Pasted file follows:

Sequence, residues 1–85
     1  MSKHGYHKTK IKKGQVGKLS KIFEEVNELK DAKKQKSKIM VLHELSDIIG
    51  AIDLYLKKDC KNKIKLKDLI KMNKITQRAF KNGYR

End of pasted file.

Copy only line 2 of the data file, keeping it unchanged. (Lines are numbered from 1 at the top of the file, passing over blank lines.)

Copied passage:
     1  MSKHGYHKTK IKKGQVGKLS KIFEEVNELK DAKKQKSKIM VLHELSDIIG